School wellness is a buzzing topic in the world of public health, as school lunch programs provide a wealth of opportunity for improving children’s health. Two ColoradoSPH alumni from the Colorado State University campus, Rachel Hurshman and Courtney Bell, are working hard to find innovative ways to integrate healthier choices in school lunches. So much so in fact, that their district’s nutrition services (Greeley-Evans School District 6) has been recognized amongst the most innovative in the nation.
Hurshman and Bell are a part of the Greeley-Evans School District 6 nutrition services’ initiative to provide fresh and healthy lunches for students. This initiative began four years ago, when the U.S. Department of Agriculture changed their standards for school lunch. At that time, less than 20 percent of the food was prepared from scratch. Today, 75 percent of Greeley school breakfasts and lunches are made from scratch, with produce from local farms, and the amount of spending on food has stayed within the same budget as when the program started. Additionally, the food has a standard for taste, acknowledging that efforts are not likely to be well received if the food is not enjoyable for the kids. Hurshman and Bell identify forward-thinking leadership, the return to scratch-cooking, and farm-to-school initiatives, as characteristics that are setting the Greeley-Evans School District apart from other school wellness programs.
As a career field, School Wellness is a collaborative endeavor – it requires partnerships with administrators, faculty members, parents, and students. School Wellness Coordination engenders exciting opportunities to oversee student and worksite wellness, work towards improving adherence to a district’s Wellness Policy, and to support wellness programming.
Hurshman and Bell got their start in the field through required practicum work for their MPH degree with Kathy Schlepp, the Wellness Coordinator for the Thompson School District. Program planning, implementation, and the development of community partnerships were identified as some of the most valuable skills gained from the MPH program. “Courses that cover program planning and evaluation mimic how the grant writing process occurs. It is so important to secure funds for your program to run successfully, and it’s equally important to build relationships with community partners – they will greatly aid in your program’s success,” said Bell of skills gained from the MPH program. “Learn successful ways to communicate to your target audience; you have to be able to sell your message!” adds Hurshman. “The MPH program provides a strong foundation for these skills and allows for some hands-on experience. Our district benefits tremendously from the efforts and passion of these students, and the students walk away with a solid knowledge and appreciation of the work being done in the schools,” says Schlepp of volunteer and practicum work.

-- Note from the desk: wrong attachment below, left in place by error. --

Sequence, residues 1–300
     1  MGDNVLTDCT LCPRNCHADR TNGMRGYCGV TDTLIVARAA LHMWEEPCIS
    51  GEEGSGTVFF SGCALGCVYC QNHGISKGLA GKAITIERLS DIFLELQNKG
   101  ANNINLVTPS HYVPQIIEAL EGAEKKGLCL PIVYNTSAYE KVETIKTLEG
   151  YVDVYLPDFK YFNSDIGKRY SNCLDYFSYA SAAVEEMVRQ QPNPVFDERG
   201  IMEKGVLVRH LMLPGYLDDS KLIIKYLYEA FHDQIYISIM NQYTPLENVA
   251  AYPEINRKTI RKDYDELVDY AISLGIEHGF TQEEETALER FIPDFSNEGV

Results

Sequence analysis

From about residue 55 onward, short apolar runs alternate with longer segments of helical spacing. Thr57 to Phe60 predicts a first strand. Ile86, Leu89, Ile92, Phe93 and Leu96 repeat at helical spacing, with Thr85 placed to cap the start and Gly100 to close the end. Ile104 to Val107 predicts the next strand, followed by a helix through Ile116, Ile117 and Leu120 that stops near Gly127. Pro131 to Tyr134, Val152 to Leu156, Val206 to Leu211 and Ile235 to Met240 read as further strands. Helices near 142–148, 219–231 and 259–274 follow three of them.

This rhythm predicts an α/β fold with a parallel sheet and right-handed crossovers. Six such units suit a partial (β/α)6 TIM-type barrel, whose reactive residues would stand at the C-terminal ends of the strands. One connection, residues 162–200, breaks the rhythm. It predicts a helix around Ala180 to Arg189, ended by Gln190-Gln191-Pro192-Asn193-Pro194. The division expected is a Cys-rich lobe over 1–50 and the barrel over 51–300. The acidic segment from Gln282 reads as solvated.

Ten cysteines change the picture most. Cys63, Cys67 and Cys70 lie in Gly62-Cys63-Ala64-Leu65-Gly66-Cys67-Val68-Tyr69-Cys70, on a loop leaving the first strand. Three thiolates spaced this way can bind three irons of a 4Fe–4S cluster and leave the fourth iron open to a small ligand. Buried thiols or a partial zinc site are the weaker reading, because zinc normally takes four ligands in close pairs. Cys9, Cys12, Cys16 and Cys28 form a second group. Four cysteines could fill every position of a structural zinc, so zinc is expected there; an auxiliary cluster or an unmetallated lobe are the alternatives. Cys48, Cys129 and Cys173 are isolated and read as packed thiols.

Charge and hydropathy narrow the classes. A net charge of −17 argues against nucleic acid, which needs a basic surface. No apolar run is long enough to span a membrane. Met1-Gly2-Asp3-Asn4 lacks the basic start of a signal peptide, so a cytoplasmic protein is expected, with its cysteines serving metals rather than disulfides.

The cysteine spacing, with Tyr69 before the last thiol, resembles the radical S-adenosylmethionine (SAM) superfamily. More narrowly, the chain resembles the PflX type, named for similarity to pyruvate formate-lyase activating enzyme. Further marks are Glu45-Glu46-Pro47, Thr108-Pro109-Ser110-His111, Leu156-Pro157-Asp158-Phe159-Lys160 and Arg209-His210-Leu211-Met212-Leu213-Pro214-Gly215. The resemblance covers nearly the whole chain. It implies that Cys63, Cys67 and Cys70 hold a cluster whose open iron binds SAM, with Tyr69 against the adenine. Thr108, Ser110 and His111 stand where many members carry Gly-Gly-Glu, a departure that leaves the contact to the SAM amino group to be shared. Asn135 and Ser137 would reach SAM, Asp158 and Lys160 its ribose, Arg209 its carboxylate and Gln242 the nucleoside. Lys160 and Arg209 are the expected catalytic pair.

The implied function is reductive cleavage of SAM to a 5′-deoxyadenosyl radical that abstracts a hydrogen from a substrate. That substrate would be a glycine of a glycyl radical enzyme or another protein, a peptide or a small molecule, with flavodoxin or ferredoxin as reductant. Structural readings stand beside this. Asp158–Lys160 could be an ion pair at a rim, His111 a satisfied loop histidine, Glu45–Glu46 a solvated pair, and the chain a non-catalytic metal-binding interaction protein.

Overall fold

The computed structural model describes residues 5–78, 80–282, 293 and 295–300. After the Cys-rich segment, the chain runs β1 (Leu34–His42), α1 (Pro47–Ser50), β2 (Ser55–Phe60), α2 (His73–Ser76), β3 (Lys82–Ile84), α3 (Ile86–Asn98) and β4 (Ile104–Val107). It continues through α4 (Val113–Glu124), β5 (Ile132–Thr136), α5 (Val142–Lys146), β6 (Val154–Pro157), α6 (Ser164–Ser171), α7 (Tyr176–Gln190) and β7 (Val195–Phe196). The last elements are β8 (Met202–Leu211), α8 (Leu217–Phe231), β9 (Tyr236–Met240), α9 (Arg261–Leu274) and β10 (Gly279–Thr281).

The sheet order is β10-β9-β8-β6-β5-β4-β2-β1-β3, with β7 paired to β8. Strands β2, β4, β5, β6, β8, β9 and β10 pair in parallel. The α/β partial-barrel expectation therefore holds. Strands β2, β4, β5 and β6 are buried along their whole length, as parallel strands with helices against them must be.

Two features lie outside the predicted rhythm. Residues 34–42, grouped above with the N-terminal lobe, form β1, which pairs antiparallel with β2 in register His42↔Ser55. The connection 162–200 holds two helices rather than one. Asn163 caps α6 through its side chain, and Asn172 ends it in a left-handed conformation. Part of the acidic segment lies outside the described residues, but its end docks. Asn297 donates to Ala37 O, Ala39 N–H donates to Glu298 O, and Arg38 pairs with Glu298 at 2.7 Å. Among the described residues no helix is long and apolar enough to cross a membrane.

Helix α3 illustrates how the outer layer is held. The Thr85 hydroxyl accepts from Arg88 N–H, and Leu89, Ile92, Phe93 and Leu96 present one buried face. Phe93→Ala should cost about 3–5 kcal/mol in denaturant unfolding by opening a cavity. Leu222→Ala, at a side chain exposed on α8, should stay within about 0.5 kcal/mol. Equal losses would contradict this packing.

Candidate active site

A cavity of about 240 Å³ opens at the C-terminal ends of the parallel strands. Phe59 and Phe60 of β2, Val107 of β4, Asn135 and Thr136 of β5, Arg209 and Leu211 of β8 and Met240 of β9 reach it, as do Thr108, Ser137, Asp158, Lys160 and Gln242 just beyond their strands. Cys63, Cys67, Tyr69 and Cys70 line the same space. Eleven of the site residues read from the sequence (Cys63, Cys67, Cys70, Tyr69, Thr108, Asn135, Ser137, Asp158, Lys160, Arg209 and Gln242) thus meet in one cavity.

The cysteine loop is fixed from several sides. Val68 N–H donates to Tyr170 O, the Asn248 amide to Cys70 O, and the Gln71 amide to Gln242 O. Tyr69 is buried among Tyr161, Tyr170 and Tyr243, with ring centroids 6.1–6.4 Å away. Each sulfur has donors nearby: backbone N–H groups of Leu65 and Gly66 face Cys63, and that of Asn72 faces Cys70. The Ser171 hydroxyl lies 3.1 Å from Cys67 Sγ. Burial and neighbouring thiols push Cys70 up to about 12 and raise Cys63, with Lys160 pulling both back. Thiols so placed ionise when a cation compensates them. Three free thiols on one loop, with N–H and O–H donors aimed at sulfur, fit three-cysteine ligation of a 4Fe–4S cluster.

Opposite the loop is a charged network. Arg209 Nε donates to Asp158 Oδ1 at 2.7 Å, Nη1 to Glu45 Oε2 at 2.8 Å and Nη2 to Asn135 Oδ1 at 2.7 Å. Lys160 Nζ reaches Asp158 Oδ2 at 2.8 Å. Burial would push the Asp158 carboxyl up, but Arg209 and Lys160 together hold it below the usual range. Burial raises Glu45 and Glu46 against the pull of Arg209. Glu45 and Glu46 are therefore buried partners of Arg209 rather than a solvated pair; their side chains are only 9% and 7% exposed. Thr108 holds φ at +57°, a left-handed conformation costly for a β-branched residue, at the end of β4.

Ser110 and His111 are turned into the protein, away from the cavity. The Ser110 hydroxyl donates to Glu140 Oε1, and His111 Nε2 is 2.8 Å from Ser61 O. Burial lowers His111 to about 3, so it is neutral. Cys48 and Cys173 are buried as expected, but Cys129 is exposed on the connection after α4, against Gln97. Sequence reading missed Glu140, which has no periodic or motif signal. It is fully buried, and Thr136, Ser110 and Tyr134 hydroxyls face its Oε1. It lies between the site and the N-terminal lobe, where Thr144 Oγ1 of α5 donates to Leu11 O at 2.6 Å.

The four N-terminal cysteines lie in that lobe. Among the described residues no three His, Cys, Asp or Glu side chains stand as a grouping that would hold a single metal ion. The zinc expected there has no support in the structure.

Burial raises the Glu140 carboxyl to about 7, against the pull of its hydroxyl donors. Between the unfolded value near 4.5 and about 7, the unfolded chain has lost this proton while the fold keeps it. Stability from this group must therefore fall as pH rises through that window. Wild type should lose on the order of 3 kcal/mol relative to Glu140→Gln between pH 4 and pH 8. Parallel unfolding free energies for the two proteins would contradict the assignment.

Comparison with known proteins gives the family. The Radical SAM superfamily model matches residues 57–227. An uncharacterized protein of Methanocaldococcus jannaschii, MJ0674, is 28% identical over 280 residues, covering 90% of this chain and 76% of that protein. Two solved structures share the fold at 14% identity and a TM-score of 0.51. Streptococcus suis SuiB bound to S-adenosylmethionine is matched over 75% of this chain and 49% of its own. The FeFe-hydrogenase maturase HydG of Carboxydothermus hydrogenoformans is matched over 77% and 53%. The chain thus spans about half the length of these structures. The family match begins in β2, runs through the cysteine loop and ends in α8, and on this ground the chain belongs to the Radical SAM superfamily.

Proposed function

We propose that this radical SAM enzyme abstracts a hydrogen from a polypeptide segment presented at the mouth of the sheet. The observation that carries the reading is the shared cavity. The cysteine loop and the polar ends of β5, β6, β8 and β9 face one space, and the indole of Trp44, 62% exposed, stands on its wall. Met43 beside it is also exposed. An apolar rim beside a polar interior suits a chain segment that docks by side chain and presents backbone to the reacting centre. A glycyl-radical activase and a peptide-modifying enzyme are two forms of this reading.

For prospective MPH graduates interested in pursuing a rewarding and challenging career in School Wellness, Bell’s advice is: get involved & network! “I truly believe it’s more impactful to develop career-related skills before or while obtaining your MPH.”
When reflecting on the most rewarding parts of the job, Bell identifies building connections with teachers and students. And for Hurshman, “Knowing that this [school wellness] is the right thing to do for kids and employees is the best part of my job – they deserve healthful school and work environments.”